Let me go out on a limb and suggest a working definition of religious rhetoric: “Religious rhetoric is persuasive language to or about the supernatural that takes as its base assumption the existence of the supernatural.” If it does not assume the supernatural but is nevertheless about religion, it is rhetoric about religion--not religious rhetoric. If we say “Brian is religious” we mean Brian has cultural practices that assume a supernatural power; if we say “this rhetoric is religious,” we mean something similar.
This definition needs more flesh than I have time to give it right now. First, I need to defend the way I define religion itself: belief in supernatural beings, forces, or powers. This definition, for example, would make it impossible to identify as a religion marxism or capitalism or baseball or a number of other human endeavors often called, sloppily I think, religions.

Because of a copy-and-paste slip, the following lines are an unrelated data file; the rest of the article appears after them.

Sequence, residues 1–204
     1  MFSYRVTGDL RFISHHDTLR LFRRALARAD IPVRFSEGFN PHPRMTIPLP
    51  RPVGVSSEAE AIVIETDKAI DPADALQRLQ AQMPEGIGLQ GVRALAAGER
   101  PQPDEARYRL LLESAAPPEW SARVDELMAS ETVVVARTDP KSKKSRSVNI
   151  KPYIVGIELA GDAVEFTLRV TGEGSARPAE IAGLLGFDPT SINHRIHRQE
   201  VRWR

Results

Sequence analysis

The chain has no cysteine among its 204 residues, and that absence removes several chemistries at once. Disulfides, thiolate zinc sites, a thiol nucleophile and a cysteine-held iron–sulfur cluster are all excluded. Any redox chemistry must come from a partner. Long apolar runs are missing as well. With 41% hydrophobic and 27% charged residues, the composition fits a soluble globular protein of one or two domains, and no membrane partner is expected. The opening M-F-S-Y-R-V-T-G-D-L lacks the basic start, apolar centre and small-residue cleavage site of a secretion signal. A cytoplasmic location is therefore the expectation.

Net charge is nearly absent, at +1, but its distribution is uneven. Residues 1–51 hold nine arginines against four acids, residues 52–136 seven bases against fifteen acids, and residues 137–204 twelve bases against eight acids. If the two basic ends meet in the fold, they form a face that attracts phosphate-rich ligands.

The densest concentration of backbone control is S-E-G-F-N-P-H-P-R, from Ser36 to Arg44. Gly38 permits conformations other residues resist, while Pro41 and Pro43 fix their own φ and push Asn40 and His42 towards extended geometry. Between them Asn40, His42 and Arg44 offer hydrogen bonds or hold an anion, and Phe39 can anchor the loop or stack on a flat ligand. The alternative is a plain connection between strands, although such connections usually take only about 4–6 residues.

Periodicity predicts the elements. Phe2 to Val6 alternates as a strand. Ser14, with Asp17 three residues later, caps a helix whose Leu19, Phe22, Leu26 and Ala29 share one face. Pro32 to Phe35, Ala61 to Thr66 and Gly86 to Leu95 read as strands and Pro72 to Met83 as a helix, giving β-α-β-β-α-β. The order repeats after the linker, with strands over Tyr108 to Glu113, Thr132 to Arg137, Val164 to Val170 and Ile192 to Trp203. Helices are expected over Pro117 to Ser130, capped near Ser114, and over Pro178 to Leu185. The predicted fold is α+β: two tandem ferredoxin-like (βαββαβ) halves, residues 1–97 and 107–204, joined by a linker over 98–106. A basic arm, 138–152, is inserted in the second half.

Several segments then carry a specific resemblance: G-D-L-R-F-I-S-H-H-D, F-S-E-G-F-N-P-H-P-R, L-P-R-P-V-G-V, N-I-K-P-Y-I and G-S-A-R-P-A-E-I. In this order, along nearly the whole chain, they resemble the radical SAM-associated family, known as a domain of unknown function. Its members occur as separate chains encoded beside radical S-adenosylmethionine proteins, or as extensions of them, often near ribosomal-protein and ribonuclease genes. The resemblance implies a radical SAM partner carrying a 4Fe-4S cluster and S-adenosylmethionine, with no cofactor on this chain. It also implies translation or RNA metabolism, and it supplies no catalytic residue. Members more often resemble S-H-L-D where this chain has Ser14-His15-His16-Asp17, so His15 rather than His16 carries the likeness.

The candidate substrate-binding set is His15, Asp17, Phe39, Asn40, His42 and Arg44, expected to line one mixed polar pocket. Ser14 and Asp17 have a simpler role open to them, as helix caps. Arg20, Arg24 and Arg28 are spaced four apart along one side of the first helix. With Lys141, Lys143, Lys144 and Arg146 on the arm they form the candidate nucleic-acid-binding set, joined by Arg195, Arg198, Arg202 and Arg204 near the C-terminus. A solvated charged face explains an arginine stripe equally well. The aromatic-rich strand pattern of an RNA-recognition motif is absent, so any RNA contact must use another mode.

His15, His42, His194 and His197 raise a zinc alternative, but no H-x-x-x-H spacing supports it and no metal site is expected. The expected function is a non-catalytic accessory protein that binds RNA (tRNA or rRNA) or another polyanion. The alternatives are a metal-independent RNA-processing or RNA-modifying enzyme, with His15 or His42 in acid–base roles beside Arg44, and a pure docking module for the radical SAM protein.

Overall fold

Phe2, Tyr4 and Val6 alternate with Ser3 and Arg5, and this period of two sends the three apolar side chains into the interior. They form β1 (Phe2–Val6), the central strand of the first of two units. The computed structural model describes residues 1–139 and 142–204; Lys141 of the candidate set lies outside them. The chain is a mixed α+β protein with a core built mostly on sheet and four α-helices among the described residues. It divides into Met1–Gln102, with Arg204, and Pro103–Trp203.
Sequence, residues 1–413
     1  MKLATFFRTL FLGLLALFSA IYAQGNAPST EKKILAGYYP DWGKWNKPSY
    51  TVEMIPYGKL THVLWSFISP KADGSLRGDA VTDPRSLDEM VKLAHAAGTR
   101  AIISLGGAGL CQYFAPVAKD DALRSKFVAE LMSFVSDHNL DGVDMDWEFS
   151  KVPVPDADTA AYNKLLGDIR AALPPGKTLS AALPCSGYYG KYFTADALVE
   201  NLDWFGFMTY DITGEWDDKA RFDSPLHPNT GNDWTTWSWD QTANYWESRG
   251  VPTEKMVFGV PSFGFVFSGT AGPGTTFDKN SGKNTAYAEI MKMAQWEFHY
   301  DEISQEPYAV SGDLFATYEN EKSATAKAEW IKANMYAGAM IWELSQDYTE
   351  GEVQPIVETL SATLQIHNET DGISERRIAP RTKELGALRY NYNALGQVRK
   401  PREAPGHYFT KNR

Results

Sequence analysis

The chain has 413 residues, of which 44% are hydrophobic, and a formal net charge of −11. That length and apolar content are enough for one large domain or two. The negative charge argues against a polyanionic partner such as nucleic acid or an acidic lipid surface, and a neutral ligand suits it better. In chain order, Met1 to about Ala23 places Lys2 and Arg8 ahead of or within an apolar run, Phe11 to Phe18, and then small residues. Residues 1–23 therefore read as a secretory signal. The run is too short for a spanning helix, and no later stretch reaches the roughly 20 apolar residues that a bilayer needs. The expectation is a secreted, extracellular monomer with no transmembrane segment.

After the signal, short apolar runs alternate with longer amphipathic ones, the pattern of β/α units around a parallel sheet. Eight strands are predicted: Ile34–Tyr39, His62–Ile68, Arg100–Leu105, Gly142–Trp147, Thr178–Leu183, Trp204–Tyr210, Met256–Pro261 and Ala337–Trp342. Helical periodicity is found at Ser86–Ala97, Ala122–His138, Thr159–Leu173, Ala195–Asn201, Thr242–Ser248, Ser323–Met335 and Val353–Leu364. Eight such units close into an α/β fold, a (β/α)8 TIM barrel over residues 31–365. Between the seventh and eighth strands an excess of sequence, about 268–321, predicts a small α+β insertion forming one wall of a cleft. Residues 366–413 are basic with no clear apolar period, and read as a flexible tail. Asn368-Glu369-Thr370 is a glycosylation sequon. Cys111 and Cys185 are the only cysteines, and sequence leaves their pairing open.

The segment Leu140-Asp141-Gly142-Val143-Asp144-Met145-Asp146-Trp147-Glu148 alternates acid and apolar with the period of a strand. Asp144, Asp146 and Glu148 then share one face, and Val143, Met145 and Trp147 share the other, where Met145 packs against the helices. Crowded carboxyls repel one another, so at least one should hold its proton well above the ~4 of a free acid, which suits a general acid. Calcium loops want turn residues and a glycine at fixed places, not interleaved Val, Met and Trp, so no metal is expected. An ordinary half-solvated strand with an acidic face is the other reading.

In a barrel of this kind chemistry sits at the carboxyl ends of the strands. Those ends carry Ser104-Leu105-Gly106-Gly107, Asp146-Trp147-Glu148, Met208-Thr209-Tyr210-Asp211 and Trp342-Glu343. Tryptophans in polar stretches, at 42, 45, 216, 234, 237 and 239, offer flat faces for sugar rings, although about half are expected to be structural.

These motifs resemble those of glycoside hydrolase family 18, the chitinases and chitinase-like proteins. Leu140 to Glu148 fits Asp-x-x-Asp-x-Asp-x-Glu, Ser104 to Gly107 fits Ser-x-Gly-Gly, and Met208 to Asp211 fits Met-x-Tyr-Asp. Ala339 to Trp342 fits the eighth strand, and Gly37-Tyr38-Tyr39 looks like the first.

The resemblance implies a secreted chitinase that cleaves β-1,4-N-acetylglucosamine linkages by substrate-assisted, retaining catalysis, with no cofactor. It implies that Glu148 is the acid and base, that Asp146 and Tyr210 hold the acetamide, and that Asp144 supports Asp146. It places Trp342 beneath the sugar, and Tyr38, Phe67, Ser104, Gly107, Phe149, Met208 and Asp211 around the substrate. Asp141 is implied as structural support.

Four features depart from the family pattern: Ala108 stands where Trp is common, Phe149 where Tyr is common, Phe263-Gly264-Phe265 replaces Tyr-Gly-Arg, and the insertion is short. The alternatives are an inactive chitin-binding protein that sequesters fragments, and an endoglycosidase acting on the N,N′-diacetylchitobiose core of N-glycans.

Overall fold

Second, I need to explain more of what I mean by "persuasion," since I believe the very architecture of a mosque, church, synagogue, temple, prayer room, or other religious building constitutes a rhetorical strategy designed to invoke a particular experience in those who enter and worship in them.
In other words, by defining American religious rhetoric, I have opened, rather than closed, an important semantic debate. I hope others will participate with me in defining our terms. (A wiki might be better, eh?)